Egyptian President Mohamed Morsi had annulled a decree that granted him expansive power and the army was mobilized to maintain security, officials said.
But Morsi took no action on a demand he postpone the referendum set for Saturday that would allow an overhaul of a draft constitution, which critics say has little protection of individual rights and would give Islamic leaders more influence, The New York Times reported.
In a televised statement on al-Arabiya, Vice President Mahmoud Mekki said the army had been mobilized to maintain security. The Egyptian cabinet approved measures permitting the army to use force if "necessary to perform their duty," Al-Ahram newspaper reported.
Islamist politician Mohammed Selim el-Awa told a news conference Saturday the referendum on a draft constitution on Dec.15 would go ahead as planned and be immune from judicial appeal, al-Masry al-Youm said.
"If the people voted no to the referendum, a new Constituent Assembly will be formed within three months via general elections, after which it will write a new constitution within six months," he said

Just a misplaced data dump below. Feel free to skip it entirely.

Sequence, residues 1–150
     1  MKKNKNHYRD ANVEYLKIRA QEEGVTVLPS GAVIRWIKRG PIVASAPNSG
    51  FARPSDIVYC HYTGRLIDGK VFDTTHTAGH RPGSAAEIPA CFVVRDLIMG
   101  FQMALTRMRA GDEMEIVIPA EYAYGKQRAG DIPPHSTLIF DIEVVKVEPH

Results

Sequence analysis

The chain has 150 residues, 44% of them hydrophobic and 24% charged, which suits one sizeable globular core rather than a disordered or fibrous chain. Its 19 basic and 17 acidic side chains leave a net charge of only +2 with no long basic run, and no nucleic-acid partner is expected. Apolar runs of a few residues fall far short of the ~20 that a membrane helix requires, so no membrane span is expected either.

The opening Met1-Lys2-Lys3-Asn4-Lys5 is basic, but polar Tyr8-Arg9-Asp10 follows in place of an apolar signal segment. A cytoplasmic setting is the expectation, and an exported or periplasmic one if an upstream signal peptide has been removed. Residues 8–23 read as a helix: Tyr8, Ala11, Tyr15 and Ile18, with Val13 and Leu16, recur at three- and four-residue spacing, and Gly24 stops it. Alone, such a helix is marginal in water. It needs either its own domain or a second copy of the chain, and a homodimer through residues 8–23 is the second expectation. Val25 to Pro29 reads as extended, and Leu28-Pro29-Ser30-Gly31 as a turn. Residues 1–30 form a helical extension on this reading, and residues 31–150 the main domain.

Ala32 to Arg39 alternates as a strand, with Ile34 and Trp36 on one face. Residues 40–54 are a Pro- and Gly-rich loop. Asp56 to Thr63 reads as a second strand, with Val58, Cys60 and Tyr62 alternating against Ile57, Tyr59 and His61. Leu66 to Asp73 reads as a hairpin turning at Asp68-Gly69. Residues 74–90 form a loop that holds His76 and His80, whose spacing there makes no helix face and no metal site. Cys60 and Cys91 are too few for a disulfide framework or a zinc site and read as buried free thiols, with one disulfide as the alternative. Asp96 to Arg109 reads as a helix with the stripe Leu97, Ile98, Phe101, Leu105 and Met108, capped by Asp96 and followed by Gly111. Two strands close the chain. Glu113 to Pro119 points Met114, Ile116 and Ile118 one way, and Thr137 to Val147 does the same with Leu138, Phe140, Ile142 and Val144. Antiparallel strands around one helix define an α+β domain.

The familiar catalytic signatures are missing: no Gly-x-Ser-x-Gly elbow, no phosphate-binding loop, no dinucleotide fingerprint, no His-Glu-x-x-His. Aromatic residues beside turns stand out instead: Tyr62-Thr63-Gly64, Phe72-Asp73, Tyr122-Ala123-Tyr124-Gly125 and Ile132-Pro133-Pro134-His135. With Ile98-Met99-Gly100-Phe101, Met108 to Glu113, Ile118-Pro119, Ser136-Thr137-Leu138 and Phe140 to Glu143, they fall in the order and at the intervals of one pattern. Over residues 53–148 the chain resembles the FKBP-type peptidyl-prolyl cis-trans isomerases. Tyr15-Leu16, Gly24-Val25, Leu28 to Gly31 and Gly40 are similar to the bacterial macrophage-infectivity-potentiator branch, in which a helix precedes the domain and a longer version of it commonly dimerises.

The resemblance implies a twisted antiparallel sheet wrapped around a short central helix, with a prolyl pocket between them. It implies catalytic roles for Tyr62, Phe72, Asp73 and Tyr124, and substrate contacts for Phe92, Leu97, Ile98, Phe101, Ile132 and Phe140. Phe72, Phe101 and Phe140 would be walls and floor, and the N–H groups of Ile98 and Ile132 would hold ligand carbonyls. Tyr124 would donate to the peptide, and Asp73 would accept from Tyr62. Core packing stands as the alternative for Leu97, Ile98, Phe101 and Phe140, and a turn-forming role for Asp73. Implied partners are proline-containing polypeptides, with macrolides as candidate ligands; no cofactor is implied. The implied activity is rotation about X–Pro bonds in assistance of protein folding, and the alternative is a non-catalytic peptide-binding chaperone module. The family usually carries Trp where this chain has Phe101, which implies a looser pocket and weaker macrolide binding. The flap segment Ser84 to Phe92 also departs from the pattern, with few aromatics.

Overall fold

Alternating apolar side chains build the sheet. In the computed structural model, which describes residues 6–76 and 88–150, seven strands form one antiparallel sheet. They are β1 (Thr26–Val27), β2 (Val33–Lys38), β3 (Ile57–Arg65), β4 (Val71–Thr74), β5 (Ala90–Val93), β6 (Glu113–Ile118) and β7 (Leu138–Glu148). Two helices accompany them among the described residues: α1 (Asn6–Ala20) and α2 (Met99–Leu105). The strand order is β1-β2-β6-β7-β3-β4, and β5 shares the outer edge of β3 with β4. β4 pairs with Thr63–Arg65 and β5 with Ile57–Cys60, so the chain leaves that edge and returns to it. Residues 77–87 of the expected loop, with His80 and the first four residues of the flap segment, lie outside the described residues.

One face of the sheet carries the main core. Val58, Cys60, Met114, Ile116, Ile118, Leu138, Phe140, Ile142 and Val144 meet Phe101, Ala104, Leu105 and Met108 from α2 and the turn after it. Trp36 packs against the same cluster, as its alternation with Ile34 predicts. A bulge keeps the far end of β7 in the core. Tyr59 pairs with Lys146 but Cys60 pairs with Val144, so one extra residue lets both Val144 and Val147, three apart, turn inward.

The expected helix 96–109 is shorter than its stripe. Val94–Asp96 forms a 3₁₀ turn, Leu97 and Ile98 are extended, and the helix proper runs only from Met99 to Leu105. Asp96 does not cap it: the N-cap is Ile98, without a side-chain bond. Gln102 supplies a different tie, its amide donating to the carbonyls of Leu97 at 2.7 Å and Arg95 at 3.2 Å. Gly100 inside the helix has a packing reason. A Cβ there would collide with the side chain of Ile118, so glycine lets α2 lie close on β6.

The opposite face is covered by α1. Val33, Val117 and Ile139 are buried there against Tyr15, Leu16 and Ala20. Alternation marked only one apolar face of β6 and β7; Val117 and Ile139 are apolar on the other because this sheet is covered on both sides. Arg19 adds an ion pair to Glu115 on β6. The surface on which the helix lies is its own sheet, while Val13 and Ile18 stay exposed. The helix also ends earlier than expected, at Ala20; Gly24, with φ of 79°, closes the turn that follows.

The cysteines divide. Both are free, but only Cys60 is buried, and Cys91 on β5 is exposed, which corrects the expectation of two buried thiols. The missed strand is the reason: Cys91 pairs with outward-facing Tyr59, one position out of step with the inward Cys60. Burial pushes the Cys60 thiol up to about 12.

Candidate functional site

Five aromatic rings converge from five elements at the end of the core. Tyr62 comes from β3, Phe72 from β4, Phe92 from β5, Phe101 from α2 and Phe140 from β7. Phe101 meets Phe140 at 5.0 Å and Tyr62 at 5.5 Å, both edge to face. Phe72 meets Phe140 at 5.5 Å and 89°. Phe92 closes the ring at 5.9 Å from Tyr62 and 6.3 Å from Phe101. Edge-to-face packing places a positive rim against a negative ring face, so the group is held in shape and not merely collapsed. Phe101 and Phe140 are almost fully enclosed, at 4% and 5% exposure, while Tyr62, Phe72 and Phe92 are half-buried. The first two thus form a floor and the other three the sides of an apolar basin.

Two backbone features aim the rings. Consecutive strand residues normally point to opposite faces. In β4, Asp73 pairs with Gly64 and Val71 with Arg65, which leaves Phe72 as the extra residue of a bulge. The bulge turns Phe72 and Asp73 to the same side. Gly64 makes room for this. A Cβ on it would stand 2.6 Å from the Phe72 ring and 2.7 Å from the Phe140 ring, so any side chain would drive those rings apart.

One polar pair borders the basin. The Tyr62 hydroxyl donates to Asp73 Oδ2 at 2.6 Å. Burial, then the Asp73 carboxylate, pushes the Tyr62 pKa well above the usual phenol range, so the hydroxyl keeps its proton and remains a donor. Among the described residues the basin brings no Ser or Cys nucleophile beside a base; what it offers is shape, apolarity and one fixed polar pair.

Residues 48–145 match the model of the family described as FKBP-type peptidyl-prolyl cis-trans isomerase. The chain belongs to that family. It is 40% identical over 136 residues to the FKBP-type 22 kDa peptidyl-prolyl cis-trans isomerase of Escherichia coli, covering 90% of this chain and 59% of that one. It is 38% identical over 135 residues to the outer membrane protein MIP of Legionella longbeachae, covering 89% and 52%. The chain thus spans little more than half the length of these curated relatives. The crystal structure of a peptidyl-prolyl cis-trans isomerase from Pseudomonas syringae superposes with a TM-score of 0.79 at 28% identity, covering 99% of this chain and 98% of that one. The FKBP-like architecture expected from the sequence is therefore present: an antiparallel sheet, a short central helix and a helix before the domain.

However, one of the key demands of Morsi's opponents was to halt the referendum.
Ahmed Said, head of the Free Egyptians Party and a key member of the National Salvation Front coalition, called Morsi's announcement shocking, saying it failed to halt the referendum, the BBC said. Former presidential candidate Mohamed ElBaradei, one of the founders of the National Salvation Front, called Morsi's decision " arm-twisting." The party was due to issue a response later Sunday.
Tanks, concrete blocks and barbed wire surrounded Morsi's palace in Cairo, which has been the flashpoint of violence in the country in the past week, the BBC said.
At least seven people were killed and hundreds injured in violent protests between anti-Morsi protesters and supporters that plagued the country after Morsi announced a decree giving him sweeping powers shielding him from judicial review, Ahram Online said.